Tag Archives: trials

Caveats about causality in medical studies linked to more accurate news coverage

Tara Haelle

About Tara Haelle

Tara Haelle (@TaraHaelle) is AHCJ's medical studies core topic leader, guiding journalists through the jargon-filled shorthand of science and research and enabling them to translate the evidence into accurate information.

Photo: Jacob via Flickr

It’s a well-worn mantra: Correlation does not equal causation. But even if we know this, is it always accurately and responsibly reflected in our stories and headlines?

It can be simpler and more elegant to say “Vodka causes sexually transmitted infections” in a headline than “Vodka consumption associated with increased risk of sexually transmitted infections.” (Note: This is not a real headline or based on a real study.) But in this made-up example, it’s laughably obvious that vodka itself does not cause STDs. Continue reading

New tip sheet details cancer diagnosis and treatment in older adults

Liz Seegert

About Liz Seegert

Liz Seegert (@lseegert), is AHCJ’s topic editor on aging. Her work has appeared in NextAvenue.com, Journal of Active Aging, Cancer Today, Kaiser Health News, the Connecticut Health I-Team and other outlets. She is a senior fellow at the Center for Health Policy and Media Engagement at George Washington University and co-produces the HealthCetera podcast.

Photo: Kim Brookes via Flickr

Cancer diagnosis and care are complex. When comorbid conditions, multiple medications, changing physiology and decreasing resilience are involved, they present further challenges for many patients and their cancer specialists. How can they treat a serious disease while minimizing the risk of mortality, side effects, and diminished quality of life?

The good news is that people generally are living longer. The downside is that with increased longevity comes increased odds of developing various forms of cancer. Continue reading

Do you have all the evidence on a drug that you’re reporting about?

Tara Haelle

About Tara Haelle

Tara Haelle (@TaraHaelle) is AHCJ's medical studies core topic leader, guiding journalists through the jargon-filled shorthand of science and research and enabling them to translate the evidence into accurate information.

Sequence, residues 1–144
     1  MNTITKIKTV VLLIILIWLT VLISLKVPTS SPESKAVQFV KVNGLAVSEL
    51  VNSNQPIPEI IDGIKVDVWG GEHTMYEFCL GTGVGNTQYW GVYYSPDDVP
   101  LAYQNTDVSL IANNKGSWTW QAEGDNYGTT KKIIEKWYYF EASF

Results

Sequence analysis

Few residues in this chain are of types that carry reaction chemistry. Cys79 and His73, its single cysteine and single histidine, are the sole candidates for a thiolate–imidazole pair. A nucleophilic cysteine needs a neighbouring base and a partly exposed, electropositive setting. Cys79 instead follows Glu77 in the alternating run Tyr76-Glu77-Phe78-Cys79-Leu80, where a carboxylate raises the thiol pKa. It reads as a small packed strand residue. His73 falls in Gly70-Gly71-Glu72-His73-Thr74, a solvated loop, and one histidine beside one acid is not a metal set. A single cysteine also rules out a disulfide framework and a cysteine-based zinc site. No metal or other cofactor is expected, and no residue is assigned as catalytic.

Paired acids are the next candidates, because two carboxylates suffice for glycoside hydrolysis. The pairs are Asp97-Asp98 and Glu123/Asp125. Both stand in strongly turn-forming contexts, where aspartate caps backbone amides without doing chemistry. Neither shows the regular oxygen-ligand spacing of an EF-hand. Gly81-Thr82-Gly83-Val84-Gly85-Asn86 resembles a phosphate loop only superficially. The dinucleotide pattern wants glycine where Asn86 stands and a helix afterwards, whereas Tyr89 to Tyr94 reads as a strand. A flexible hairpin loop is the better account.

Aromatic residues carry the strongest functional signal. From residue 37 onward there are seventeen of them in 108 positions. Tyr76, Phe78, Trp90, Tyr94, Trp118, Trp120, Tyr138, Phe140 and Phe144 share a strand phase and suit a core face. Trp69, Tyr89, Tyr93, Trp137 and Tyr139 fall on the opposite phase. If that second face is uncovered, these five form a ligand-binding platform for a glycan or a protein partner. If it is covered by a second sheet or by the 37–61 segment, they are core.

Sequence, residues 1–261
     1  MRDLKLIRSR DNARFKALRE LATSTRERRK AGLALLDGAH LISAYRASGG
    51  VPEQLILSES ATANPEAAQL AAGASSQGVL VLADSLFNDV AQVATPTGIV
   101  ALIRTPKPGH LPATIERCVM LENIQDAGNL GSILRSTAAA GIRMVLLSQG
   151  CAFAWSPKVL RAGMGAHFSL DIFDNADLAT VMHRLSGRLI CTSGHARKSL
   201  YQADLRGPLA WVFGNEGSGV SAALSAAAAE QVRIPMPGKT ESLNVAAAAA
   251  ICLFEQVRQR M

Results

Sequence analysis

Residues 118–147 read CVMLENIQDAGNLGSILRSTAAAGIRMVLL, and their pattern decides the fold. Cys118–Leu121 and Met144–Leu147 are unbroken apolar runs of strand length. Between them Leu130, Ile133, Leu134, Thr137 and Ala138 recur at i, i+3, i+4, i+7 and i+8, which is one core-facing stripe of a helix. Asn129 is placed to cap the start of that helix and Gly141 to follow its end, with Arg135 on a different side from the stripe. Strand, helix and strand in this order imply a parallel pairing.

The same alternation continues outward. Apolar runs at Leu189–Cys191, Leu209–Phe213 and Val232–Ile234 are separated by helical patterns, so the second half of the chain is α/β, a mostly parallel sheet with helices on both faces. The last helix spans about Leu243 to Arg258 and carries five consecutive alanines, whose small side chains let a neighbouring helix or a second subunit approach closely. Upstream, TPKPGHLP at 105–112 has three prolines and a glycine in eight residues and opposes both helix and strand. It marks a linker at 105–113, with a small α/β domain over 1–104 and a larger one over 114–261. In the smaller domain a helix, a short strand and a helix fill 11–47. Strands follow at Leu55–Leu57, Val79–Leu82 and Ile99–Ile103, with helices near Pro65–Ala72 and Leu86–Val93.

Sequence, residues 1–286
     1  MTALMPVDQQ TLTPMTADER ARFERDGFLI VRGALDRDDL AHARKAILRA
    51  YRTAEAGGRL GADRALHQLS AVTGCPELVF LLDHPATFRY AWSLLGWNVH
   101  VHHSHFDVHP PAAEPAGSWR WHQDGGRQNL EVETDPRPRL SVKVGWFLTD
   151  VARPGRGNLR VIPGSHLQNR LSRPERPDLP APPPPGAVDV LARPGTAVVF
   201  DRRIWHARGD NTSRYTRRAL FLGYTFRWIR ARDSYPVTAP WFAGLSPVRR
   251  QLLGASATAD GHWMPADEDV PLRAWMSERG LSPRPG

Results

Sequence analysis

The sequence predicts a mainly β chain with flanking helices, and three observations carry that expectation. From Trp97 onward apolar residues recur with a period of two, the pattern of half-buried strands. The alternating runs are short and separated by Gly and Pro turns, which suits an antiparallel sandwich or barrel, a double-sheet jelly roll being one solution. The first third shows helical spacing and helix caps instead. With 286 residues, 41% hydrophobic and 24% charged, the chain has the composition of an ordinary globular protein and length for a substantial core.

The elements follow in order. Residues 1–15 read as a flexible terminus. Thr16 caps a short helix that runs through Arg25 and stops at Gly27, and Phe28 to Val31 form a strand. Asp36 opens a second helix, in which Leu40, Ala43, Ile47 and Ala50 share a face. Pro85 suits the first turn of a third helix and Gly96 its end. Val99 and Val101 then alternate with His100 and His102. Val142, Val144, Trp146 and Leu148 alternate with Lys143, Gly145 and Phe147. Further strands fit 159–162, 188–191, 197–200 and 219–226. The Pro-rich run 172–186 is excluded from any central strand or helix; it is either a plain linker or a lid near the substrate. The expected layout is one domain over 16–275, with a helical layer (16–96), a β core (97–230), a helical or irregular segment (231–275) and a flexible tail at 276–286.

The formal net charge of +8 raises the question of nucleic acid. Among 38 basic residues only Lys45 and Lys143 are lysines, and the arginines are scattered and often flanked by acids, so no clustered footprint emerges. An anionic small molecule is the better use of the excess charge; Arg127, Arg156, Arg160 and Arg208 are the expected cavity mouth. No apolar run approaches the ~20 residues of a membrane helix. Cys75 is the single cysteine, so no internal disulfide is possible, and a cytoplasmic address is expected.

Photo: Esther Dyson via Flickr

The registration and reporting requirements of Clinicaltrials.gov are vital to informing the evidence base – but only if study sponsors actually use it and keep entries updated. A recent research letter in JAMA Internal Medicine suggests this is not happening often enough. That’s helpful for journalists to know if they are attempting to find all the recent evidence on a particular drug or intervention.

“Missing or incomplete reporting of clinical trial results and its scientific and ethical consequences are well documented,” wrote Kevin M. Fain, J.D., M.P.H., Dr.PH, and his team at the National Institutes of Health.

Continue reading

New approach treats Alzheimer’s one person at a time

Liz Seegert

About Liz Seegert

Liz Seegert (@lseegert), is AHCJ’s topic editor on aging. Her work has appeared in NextAvenue.com, Journal of Active Aging, Cancer Today, Kaiser Health News, the Connecticut Health I-Team and other outlets. She is a senior fellow at the Center for Health Policy and Media Engagement at George Washington University and co-produces the HealthCetera podcast.

Photo: Iriss via Flickr

Can a precision medicine approach to Alzheimer’s disease (AD) and other dementias improve outcomes?

That is the theory behind the Dementia Prevention Initiative (DPI). The Florida Atlantic University (FAU) program twists the usual methods used to research and treat AD by employing an “n-of-1” design individualize medicine down to a single patient. Instead of conducting a conventional trial of 100 people who get the same treatment, the program conducts 100 single trials personalized to the individual. The youngest DPI patient is currently 61, and the oldest is 86. Continue reading

How to report on Alzheimer’s drug trials without giving false hope

Liz Seegert

About Liz Seegert

Liz Seegert (@lseegert), is AHCJ’s topic editor on aging. Her work has appeared in NextAvenue.com, Journal of Active Aging, Cancer Today, Kaiser Health News, the Connecticut Health I-Team and other outlets. She is a senior fellow at the Center for Health Policy and Media Engagement at George Washington University and co-produces the HealthCetera podcast.

Photo: Esther Dyson via Flickr

The death of musician Glen Campbell on Aug. 8 after a very public struggle with Alzheimer’s disease has again focused attention on whether science will ever find a drug that truly halts this devastating condition.

Deaths from Alzheimer’s are increasing, according to the nonprofit advocacy group UsAgainstAlzheimer’s. The organization, which has the goal of stopping Alzheimer’s by 2020, lobbies legislators to increase research funding. Some 35 drugs are in various phases of clinical trials. But as this excellent Pacific Standard article reports, the goal of a cure by 2020, or 2025, is iffy at best. Continue reading

Greater transparency is resulting in fewer ‘positive’ findings in clinical trials

Tara Haelle

About Tara Haelle

Tara Haelle (@TaraHaelle) is AHCJ's medical studies core topic leader, guiding journalists through the jargon-filled shorthand of science and research and enabling them to translate the evidence into accurate information.

FreeImages.com/Cristian Bender

FreeImages.com/Cristian Bender

If it seems the newest studies are always reporting some new link – an association between two things or an increase or decrease in this, that or the other – it’s not your imagination.

Positive findings, those which find … “something,” tend to end up in journals more often. But a recent study in PLOS ONE suggests that this trend has decreased, thanks to a change in trial reporting standards around the year 2000. Continue reading